Blistered Green Beans with Roasted Tomato Almond Pesto

This may just be my new favorite vegetable recipe. Well, let’s say green vegetable because it’s pretty hard to beat a perfect bruschetta in the middle of tomato season. But this is a close second.



The secret is in the caramelization of, well, everything. The green beans have to be blistered, and the tomatoes charred. The almonds toasted to a deep brown. Put it all together and you have a collection of flavors that simultaneously complement and contrast each other.

First, the tomatoes. I’m going to admit it — I cheated. Well, I wouldn’t exactly call it cheating — I made this in November, and it’s a fairly well known fact (well, at least I know it!) that good canned tomatoes are much better than the off season fresh ones you get in the supermarket. So I did a little experiment: I used whole San Marzano tomatoes, out of a can, instead of fresh cherry tomatoes. I know! Heresy.

But you know what? They turned out great and I would do it again in a second. The secret is to keep the tomatoes relatively whole, except make a small hole with your finger and squeeze out the liquid in the middle. Give them a quick pat to dry, and then toss them with a light coating of olive oil and arrange them on a sheet pan so they’re not touching. Roast them around 350 until the edges start to get black. When they’re done, scrape them up with a spatula and proceed as normal. By the way — roasting canned tomatoes like this works to add a huge flavor shot to all sorts of stuff like dips, sauces, hummus, etc.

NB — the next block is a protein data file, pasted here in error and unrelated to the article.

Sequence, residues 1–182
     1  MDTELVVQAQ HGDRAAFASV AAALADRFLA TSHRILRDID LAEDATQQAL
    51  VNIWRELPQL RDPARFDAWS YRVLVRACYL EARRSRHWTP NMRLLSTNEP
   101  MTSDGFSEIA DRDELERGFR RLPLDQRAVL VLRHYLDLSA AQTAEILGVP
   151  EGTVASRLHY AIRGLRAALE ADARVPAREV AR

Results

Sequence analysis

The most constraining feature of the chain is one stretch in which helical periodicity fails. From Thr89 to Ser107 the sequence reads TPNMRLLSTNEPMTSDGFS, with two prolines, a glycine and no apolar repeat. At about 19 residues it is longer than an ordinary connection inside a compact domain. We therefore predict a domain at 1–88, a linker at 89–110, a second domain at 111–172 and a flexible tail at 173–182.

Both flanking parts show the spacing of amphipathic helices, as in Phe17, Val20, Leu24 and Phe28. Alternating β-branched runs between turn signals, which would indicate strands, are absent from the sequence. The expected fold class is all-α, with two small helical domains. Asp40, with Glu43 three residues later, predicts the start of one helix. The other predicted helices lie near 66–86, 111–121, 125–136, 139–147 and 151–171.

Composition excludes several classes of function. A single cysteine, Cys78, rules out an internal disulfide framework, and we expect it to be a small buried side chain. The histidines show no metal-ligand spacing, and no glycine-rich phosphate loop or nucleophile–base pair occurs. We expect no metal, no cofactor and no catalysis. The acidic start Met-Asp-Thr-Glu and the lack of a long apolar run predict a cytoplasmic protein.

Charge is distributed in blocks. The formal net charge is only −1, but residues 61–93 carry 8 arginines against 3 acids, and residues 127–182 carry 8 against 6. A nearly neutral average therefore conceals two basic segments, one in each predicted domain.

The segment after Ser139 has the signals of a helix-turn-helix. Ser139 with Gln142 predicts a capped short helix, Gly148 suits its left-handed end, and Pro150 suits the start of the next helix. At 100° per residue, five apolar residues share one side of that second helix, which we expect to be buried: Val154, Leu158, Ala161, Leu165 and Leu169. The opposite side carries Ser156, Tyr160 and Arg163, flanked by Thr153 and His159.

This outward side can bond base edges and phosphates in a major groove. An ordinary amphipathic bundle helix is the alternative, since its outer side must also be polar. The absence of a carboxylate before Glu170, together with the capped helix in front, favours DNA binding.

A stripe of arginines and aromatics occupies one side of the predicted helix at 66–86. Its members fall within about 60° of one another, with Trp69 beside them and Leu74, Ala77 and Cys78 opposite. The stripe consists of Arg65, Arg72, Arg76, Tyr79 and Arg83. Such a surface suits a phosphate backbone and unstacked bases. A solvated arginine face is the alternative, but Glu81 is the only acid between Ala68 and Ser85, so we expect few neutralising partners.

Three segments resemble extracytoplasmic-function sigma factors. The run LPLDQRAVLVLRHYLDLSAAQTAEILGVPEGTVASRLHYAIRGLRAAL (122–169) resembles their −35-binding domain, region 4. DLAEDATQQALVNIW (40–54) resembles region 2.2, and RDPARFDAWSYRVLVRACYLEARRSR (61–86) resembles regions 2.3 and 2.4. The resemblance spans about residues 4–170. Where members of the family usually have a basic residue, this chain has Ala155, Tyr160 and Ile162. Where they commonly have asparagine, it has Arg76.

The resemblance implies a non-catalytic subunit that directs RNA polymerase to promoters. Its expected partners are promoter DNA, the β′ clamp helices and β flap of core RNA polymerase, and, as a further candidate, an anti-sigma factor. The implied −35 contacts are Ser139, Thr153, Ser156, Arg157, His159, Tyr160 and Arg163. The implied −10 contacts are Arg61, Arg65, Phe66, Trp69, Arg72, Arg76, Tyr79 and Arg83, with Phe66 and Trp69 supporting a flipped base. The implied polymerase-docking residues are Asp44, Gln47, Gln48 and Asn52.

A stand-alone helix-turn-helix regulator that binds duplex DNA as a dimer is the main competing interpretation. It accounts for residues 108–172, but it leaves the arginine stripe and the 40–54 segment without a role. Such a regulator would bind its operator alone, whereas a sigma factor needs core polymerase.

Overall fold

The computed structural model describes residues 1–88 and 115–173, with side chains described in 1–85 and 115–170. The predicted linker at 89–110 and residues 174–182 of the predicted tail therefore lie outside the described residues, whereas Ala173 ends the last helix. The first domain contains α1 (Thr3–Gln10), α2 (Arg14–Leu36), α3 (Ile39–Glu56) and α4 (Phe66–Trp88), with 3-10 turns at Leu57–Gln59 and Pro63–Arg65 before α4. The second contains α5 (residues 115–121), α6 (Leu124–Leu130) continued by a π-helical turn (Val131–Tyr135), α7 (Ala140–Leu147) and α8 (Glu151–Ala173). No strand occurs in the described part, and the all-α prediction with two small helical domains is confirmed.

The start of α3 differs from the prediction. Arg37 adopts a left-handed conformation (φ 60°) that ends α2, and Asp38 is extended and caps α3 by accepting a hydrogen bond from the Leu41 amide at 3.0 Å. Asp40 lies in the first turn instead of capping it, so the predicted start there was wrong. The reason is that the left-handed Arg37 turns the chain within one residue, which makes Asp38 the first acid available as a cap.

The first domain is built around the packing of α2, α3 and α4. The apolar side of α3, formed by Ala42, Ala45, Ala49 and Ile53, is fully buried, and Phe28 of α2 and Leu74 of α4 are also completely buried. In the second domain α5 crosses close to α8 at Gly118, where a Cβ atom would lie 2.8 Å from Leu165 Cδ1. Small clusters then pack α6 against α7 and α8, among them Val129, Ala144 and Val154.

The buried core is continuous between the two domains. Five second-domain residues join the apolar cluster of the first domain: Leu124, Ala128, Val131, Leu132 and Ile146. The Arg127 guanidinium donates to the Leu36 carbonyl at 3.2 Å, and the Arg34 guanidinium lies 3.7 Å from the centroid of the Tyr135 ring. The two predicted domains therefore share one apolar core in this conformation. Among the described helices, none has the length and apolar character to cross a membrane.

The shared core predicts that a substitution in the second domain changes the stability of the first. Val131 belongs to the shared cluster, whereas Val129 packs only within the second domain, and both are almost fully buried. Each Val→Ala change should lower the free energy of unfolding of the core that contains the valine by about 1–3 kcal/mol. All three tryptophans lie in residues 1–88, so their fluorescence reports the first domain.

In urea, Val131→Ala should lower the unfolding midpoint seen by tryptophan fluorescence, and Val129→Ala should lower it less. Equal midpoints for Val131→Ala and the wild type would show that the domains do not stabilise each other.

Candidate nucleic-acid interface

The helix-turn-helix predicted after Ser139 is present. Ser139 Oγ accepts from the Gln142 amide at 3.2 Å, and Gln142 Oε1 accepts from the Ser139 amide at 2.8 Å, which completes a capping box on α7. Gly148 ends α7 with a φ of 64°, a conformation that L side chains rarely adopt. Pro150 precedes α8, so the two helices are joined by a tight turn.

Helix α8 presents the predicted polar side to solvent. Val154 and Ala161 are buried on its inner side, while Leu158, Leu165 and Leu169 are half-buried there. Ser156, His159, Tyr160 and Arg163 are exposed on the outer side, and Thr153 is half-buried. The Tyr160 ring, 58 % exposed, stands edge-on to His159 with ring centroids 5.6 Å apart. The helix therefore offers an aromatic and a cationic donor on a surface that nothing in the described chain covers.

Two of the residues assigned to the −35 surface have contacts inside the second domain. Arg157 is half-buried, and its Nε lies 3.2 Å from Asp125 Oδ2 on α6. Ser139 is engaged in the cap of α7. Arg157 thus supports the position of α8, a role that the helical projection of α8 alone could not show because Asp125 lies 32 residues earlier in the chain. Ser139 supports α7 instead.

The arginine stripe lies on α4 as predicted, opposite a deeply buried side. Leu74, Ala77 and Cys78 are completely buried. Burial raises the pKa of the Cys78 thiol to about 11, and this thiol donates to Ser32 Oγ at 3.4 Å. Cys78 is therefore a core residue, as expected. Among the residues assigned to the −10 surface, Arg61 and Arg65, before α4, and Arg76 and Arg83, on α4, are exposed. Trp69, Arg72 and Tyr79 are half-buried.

Next, the green beans. I got out my cast iron skillet, cranked the heat up and got some vegetable oil just at the point of smoking. Toss in some washed (but very dry!) green beans and let them sit until they’re thoroughly blistered. Then give then a turn.

Here’s where it all gets good — combine half of the tomatoes with the almonds (and the rest of the ingredients — see the recipe!) and give it a whirr in the food processor. The pesto that results is good enough to eat with a spoon, and even better on top of the blistered green beans.

Toss it all together and consume voraciously!




(Ha! Mine doesn’t look like Bon Appetit’s version! Looks like mine has more tomatoey pesto goodness — I’ll take it!)

What’s Exciting About a Shrub?

Sometimes the hardest thing about going non-alcoholic (especially at a party) is the lack of interesting things to drink. There are countless books, establishments, even professions dedicated to perfecting the perfect cocktail, but comparatively little effort goes into making a decent mocktail.


A shrub (new word for me) is a vinegar-spiked, typically non-alcoholic drink intensely flavored with berries, herbs, or spices. I was first introduced to the concept of a “drinking vinegar” at the unparalleled Pok Pok Thai restaurant in Portland, Oregon. There I ordered a raspberry vinegar soda to go with my delicious sticky wings and green papaya salad. The casual lunch was off-the-charts, and I was hooked on the tangy, refreshing combination of vinegar, fruit, and soda water.

I had nearly forgotten about the beverage until Bon Appetit ran a recipe for an Apple Berry Shrub several months ago. I jumped at the opportunity, and simmered together a pint of frozen three berry mix, Bragg’s apple cider vinegar, and sugar. After straining the brilliant red mixture, I poured it over a glass of club soda.

Give it a shot, it just might give you an interesting alternative to boring cocktails.

Recipe: Apple Berry Shrub (Bon Appetit)